mamculuna: (Default)
( Oct. 24th, 2005 11:36 am)
I went out to the women's prison today--I'll be teaching some meditation classes out there for the next three weeks, subbing for my friend who usually does it. It's not the first time I've worked in a prison setting--a long time ago I used to teach college English classes in the men's medium/maximum security prison. Things seemed really different today, in the women's institution, but I suspect that's only on the surface. I have a feeling that the misery is still there, but I used to feel it hit me in the face as soon as I arrived. In the men's prison, you had to enter through a long tunnel full of salley ports (go in one door and wait for it to close before the next door is opened, and they slammed behind you like the gate of doom), things were unpainted, filthy, old, ugly. Although the institution did have some courtyard space between buildings, once inside you couldn't see out, and I always felt that I was going underground for good when I got there (I used to look for the sign saying "Abandon hope, all ye who enter here..."). The men who processed my entry seemed bitter and suspicious, and there were usually inmates passing through in leg and arm chains. This women's prison by contrast is open, with big windows (they have bars, but the light and the sight of the sky gets in)in most rooms--you go right in, passing just a fence, and once inside, it's clean, shiny, polished. Most of the correctional officers (we used to call them guards), administrators, etc., are women, and their greetings are warmer, more open. The inmates I saw were on work details, carrying buckets and mops. It feels better.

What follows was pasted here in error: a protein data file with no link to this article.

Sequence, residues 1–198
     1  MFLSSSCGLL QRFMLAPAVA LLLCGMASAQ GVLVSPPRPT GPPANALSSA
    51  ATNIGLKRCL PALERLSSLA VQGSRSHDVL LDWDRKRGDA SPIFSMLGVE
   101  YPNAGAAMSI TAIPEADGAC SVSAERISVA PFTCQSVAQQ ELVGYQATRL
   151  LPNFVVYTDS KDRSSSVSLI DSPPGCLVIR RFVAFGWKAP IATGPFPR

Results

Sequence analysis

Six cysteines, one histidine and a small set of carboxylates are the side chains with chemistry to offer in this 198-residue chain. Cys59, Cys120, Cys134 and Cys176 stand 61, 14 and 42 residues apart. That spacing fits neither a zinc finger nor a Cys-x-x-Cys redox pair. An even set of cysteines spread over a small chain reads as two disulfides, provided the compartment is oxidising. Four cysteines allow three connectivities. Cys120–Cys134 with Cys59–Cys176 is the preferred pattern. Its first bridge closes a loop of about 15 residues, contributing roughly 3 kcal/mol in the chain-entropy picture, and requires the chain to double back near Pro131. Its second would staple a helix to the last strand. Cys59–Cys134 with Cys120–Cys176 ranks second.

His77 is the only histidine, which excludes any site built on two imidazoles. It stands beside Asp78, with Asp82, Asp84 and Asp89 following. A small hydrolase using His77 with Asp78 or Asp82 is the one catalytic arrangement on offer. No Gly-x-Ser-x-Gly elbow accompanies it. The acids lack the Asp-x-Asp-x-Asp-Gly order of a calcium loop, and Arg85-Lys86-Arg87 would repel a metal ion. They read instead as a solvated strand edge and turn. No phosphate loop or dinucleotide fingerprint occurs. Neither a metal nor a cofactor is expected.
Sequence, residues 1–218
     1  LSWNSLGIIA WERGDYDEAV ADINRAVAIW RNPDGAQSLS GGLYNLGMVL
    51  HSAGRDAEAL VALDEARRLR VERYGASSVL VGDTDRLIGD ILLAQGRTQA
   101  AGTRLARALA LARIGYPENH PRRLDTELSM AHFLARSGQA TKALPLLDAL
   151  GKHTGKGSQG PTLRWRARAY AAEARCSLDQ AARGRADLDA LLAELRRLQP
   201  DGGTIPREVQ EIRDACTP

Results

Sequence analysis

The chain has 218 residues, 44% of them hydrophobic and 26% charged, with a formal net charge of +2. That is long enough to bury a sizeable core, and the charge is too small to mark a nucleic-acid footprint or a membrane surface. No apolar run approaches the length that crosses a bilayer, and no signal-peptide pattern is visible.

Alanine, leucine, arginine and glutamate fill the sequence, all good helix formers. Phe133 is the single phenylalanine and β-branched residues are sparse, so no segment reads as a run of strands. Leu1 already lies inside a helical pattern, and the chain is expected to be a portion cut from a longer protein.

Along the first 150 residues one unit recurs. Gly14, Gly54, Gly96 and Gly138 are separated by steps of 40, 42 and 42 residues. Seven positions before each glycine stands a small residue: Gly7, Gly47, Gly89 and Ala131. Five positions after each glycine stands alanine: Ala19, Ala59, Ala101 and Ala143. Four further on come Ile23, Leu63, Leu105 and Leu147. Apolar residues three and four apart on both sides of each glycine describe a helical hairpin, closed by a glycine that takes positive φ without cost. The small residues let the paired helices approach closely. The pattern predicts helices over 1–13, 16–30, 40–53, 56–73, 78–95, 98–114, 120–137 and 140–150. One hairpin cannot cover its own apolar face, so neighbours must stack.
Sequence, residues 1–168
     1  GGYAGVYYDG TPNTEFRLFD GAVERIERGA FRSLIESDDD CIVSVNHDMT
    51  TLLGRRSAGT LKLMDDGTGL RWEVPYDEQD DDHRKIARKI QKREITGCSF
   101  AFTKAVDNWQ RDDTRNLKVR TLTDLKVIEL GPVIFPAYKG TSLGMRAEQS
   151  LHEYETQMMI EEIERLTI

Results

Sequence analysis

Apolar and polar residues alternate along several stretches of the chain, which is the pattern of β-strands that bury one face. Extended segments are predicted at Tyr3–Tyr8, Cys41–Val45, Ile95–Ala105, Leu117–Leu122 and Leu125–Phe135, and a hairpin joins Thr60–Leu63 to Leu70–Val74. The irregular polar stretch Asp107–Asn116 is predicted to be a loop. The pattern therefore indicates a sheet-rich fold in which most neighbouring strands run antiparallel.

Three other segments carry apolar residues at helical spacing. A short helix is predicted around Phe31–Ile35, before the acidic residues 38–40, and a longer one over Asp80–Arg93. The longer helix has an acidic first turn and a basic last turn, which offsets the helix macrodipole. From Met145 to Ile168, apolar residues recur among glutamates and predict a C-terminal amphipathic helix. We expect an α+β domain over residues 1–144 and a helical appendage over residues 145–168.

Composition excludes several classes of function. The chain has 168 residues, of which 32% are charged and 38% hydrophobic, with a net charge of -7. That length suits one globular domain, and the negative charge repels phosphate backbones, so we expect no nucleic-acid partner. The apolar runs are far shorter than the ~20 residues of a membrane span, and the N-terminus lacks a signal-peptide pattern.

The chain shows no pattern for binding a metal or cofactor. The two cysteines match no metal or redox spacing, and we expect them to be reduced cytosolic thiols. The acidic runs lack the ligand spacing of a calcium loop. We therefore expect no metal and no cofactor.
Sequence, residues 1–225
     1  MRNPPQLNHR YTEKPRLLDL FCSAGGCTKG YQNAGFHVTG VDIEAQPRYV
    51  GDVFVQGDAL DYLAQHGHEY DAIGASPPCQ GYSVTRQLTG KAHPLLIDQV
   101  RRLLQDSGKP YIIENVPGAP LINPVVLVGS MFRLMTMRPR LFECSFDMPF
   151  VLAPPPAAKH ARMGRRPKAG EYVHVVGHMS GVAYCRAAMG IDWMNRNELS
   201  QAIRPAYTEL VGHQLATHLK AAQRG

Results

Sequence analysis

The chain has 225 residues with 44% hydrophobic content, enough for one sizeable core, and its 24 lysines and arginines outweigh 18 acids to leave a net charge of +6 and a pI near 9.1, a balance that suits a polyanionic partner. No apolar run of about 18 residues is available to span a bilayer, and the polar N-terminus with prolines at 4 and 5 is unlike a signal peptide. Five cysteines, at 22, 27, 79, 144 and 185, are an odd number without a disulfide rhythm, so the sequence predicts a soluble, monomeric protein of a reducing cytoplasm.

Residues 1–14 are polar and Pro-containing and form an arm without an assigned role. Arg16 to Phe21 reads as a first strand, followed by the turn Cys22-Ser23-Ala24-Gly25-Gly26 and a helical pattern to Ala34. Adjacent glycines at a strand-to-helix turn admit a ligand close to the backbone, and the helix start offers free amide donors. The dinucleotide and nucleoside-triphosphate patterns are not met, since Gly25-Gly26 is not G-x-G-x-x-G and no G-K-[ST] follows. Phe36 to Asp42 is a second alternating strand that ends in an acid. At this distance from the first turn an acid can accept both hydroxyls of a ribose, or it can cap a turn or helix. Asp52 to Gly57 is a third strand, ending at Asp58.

But Wednesday, when I meet the inmates in my group, I suspect I'll find some familiar feelings.

Dealing with inmates is very strange. Survival behind bars depends on getting along with people who have power over you, and the students I used to teach had chosen the route of education and that meant a high level of custody, which in turn meant getting along with the prison administration. So they were charming people in many ways--the hard part is that you know you can't trust that the surface is the reality, because manipulation is survival there. Yet some would say and write the most heart-rending things about their loneliness and depression and grief. (The chaplain today suggested that a lot of the women now are taking meds for this). I never wanted to know what they had done, and knew that what they told me anyway probably wasn't true (I used to say that only two people in the whole system had actually done their crime and those two had found Jesus--at least that's how they represent themselves).

But more than once I encountered a person who'd done--and acknowledged--a horrific crime, and yet I could see in his writing, what he said in class, his actions, that he had a lot of compassion for other inmates, and a depth of reflection and introspection about things that amazed me. I began to catch on, duh, that people are complex--that even a murderer can be gentle and kind, spending a lot of his life teaching illiterate people to read. We always know that people who seem to be saints may actually have their dark sides--harder to realize that monsters can still develop goodness and love.

At the same time you know that all you know of them could be a game, you have to remember that all you know of them could be true.
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